Salary breakdown: Sox on cusp of tax

March, 9, 2011
3/09/11
12:23
PM ET
FORT MYERS, Fla. -- With the announced signings of Boston’s 15 non-arbitration eligible players on Tuesday, the Red Sox 40-man major-league payroll is unofficially $168,264,333, including pro-rated signing bonuses.

This is not the figure used for calculating the competitive balance tax, or CBT, commonly known as the luxury tax. The CBT is based on the average annual value of salaries of players on the 40-man rosters, pro-rated signing bonuses, and performance bonuses, plus benefits paid to the players, roughly $9 million per team. The CBT is calculated by Dec. 12, with teams required to pay by the following Jan. 31.

This year, the luxury tax threshold is $178 million, up from $170 million in 2010. The Yankees have exceeded the luxury tax threshold in all eight years since the current tax was implemented in 2003. They paid $18 million in luxury taxes last year, and have paid over $192 million in all. The Red Sox were the only other team to pay a luxury tax for 2010; they were assessed a $1.49 million bill, the first time since 2007 they exceeded the threshold. If they exceed it again in 2011, they will be taxed at a 30 percent rate.

The monies collected in CBTs are not the same as revenue sharing. Red Sox CEO Larry Lucchino said earlier this spring that the Red Sox paid $85.5 million in revenue sharing in 2010, a figure exceeded only by the Yankees, he said.

The Red Sox will have eight players being paid $10 million or more in 2011, the most in franchise history and double the number they had in 2010 (Josh Beckett, John Lackey, David Ortiz, J.D. Drew). The previous high was six, in 2008. In 2000, Pedro Martinez ($11.5 million) was the only Sox player drawing an eight-figure salary.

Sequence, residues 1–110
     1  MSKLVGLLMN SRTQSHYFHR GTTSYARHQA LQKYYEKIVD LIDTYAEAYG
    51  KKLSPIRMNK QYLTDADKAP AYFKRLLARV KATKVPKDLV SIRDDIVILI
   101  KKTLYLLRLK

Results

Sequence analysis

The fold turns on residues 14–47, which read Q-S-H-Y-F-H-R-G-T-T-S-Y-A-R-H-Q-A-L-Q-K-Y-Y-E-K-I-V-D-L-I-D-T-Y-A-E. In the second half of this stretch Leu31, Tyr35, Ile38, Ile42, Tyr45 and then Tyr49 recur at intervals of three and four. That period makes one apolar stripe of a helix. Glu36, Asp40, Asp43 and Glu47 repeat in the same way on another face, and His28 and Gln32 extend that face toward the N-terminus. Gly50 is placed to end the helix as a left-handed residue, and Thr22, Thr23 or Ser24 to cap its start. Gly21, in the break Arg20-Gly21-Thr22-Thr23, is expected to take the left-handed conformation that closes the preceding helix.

Shortly after the season opener April 1, the Red Sox are expected to have a ninth player cross the eight-figure threshold: Adrian Gonzalez, who is expected to sign a contract extension that will pay him in excess of $20 million annually. The Sox have held off on signing him to an extension in part because they want to make sure his surgically repaired right shoulder is completely healthy, but more importantly because if they wait until after Opening Day, the average annual value of the extension will not be counted against the luxury tax.

Gonzalez’s salary for 2011, for luxury tax purposes, will be counted as $6.4 million.

A number of the non-arbitration eligible players have split contracts, meaning they will be paid at a different salary in the minor leagues than their listed big-league salaries. Meanwhile, players like Jose Iglesias and Junichi Tazawa, who are expected to be in the minors this year, have guaranteed big-league contracts. Iglesias’ salary is $500,000 for each of his first four years, for example, but is listed at $2 million when his $6 million signing bonus is pro-rated.

The biggest bargains on the Sox payroll are non-arbitration eligibles Clay Buchholz and Daniel Bard, who are to be paid $555,000 and $505,000, respectively, in 2011. Both players are likely to engage the team in discussions about long-term contracts, much like those signed by Jon Lester, Dustin Pedroia and Kevin Youkilis.

Gordon Edes

Red Sox reporter, ESPNBoston.com

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